More than 300 university students and police in Indonesia‘s capital, Jakarta were being treated in hospital on Wednesday, a day after violent clashes with police during nationwide protests triggered by a new law that critics say cripples the country’s anti-corruption agency.
Jakarta police chief Gatot Eddy Pramono told a news conference that at least 265 students and 39 police officers were treated in several hospitals in the country’s capital, with their injuries ranging from minor to serious.
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He said police have arrested 94 people they alleged were involved in violent acts in protests that turned violent as darkness fell.
“We are still investigating whether they are students or other members of society with different interests,” Pramono said.
Officials at the city’s Pertamina Central Hospital said that 90 students were treated for injuries that included broken bones, head wounds and respiratory problems due to tear gas. Most were allowed to return home after treatment although three were hospitalised with head wounds.
Another student was undergoing surgery at Pelni, another hospital in Jakarta, after suffering bleeding in his brain and fractured shoulder bones.
The protest outside parliament on Tuesday saw police fire tear gas and water cannons to disperse thousands of rock-throwing students. The protest was dispersed just before midnight and by Wednesday morning, city officers were cleaning up rocks, plastic bottles, banners and other debris from the protest.
Students held similar protests in cities around the country on Tuesday, including Bandung, Yogyakarta, Malang, Palembang and Medan.
Several student groups promised to return to the streets on Wednesday and continue the demonstrations until the law is revoked.
Critics say the legislation, passed in Parliament last week, reduces the authority of the Corruption Eradication Commission, a key body in fighting endemic corruption in the country.
Pressure on Widodo
The fallout from the new law has threatened the credibility of President Joko Widodo, who recently won a second term in office after campaigning for clean governance. His inauguration is scheduled for next month.
Corruption is endemic in Indonesia and the anti-corruption commission, one of the most effective institutions in the country of nearly 270 million people, has been attacked frequently by legislators who want to reduce its powers.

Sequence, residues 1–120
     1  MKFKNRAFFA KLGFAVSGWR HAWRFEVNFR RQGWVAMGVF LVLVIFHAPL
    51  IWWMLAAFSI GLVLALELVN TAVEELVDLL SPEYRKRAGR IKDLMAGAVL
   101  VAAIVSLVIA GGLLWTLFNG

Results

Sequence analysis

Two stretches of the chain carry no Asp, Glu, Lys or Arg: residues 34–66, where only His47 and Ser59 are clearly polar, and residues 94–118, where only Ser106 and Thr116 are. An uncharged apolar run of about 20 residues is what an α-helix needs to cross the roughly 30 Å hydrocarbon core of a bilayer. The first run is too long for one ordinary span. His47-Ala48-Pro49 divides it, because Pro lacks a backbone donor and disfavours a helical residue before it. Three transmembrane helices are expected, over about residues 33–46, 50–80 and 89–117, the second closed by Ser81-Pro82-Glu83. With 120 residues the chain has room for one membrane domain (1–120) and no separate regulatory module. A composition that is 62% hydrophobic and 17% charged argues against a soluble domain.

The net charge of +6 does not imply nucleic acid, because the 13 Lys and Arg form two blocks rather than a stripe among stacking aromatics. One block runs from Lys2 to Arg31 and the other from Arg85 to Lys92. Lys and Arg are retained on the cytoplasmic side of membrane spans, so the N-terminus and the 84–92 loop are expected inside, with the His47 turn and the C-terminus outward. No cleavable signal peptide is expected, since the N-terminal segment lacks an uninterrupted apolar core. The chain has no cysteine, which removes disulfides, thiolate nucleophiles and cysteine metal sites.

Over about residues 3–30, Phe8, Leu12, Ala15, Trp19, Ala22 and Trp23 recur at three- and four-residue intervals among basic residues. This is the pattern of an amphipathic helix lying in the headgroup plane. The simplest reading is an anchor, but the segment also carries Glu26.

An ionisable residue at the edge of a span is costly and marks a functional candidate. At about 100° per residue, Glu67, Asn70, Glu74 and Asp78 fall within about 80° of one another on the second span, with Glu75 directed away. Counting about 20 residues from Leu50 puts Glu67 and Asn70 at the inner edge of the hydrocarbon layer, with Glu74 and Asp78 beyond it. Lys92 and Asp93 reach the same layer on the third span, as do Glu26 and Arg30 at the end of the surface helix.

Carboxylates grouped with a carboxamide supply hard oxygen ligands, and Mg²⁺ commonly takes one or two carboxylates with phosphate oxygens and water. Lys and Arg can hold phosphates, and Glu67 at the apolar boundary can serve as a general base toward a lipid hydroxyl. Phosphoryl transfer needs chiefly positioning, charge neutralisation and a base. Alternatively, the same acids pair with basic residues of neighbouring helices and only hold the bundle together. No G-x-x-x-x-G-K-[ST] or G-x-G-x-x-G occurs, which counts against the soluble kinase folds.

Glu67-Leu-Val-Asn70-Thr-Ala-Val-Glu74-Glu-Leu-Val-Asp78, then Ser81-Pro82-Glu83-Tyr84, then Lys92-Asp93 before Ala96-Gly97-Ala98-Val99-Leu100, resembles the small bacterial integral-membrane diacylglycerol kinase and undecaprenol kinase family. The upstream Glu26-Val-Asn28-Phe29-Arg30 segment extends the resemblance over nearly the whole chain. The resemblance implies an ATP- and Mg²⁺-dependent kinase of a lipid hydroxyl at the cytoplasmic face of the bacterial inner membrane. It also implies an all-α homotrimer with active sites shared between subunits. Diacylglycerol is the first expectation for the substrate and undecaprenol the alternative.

Hundreds of officials from various branches of government have been arrested since the agency, which is independent, was established in 2002 as part of the reform demands that followed the overthrow of former strongman leader, Suharto.
Activists say the changes weaken one of Indonesia’s most credible public institutions in a country where the police and parliament are perceived as being widely corrupt.
The revisions also reduce its independence, with investigators becoming civil servants who need to be seconded from state bodies, including the police.
The new protests are not associated with a particular party or group, and instead are led by students, who have often been a force for political change. It was their demonstrations in 1998 that helped lead to Suharto’s downfall.
Those demonstrating this week are demanding that Widodo issue a government regulation replacing the new law.
The protesters also urged parliament to delay votes on a new criminal code that would criminalise or increase penalties on a variety of sexual activities, as well as other bills on mining, land and labour. Opponents say the proposed criminal code threatens democracy and discriminates against minorities.
On Tuesday, Widodo met legislators, whose terms finish at the end of this month, to urge them to delay votes on the bills after considering the level of public concern. They then delayed their votes on the proposed laws in their last plenary session.